Department Seminar with Gregory Doerk: New Tools for Uncovering Self-Assembly Pathways in Polymer Blends


March 18, 2024    
3:20 pm - 4:10 pm


1227 Hoover
1227 Hoover Hall, Ames, IA, 50011

Event Type

Title: Headshot of Gregory DoerkNew Tools for Uncovering Self-Assembly Pathways in Polymer Blends

Presenter: Gregory Doerk, scientist at the Center for Functional Nanomaterials

Abstract: Understanding the implications of component formulation is crucial to industrial scale up and use of molecular, polymeric and composite materials. Each new additive, however, expands both the compositional dimensionality and the processing complexity, complicating material optimization but introducing new possibilities of synthesizing metastable materials with novel functional properties. New tools are needed to meet this challenge. This talk will discuss research at the Center for Functional Nanomaterials applying in situ characterization, combinatorial formulation, and machine-guided autonomous experimentation to accelerate the discovery and design of nanomaterials using self-assembling polymer blend films. These advances enable dramatic enhancements of self-assembly kinetics and the revelation of pathways to metastable nanomorphologies. I will conclude the talk by presenting progress in the development of a new platform combining programmable spraying, in situ X-ray scattering and machine learning to direct the scalable synthesis-by-assembly of nanoporous membranes.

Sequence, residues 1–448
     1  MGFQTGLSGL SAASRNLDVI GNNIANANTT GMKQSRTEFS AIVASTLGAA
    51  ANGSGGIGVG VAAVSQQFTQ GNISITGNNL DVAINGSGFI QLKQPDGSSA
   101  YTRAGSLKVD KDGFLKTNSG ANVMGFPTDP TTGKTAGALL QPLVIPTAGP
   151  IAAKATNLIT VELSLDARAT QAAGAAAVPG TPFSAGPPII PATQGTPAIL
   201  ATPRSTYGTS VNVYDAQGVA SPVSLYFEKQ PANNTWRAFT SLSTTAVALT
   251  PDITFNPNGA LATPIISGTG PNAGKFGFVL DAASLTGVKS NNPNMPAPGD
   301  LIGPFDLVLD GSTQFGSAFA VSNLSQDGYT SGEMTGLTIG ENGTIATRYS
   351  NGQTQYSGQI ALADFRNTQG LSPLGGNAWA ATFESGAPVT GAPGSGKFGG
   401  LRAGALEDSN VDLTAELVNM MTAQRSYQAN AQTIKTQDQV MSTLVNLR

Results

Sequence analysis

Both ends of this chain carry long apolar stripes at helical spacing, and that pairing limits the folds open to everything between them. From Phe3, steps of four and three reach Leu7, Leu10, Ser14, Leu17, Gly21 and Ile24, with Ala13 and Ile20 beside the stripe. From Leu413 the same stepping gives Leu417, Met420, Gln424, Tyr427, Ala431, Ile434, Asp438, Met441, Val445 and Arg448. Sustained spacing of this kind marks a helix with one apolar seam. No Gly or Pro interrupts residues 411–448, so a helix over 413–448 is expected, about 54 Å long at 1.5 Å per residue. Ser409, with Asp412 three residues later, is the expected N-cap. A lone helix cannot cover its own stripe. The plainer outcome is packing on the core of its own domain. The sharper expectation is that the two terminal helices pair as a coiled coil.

Bio:  Gregory Doerk is a staff scientist at the Center for Functional Nanomaterials (CFN), a Department of Energy (DOE) scientific user facility operated at Brookhaven National Laboratory.  Dr. Doerk earned his PhD in Chemical Engineering from the University of California, Berkeley in 2010.  Prior to joining the CFN, he performed postdoctoral research at IBM, investigating polymer self-assembly for integrated circuit patterning, and then worked as a research staff member at HGST, a Western Digital company.  Dr. Doerk is a recipient of the 2021 DOE Office of Science Early Career Research Program Award.  His current research merges polymer self-assembly, new instrumentation and high-throughput methods to produce new materials for chemical separations, molecular templating and energy harvesting.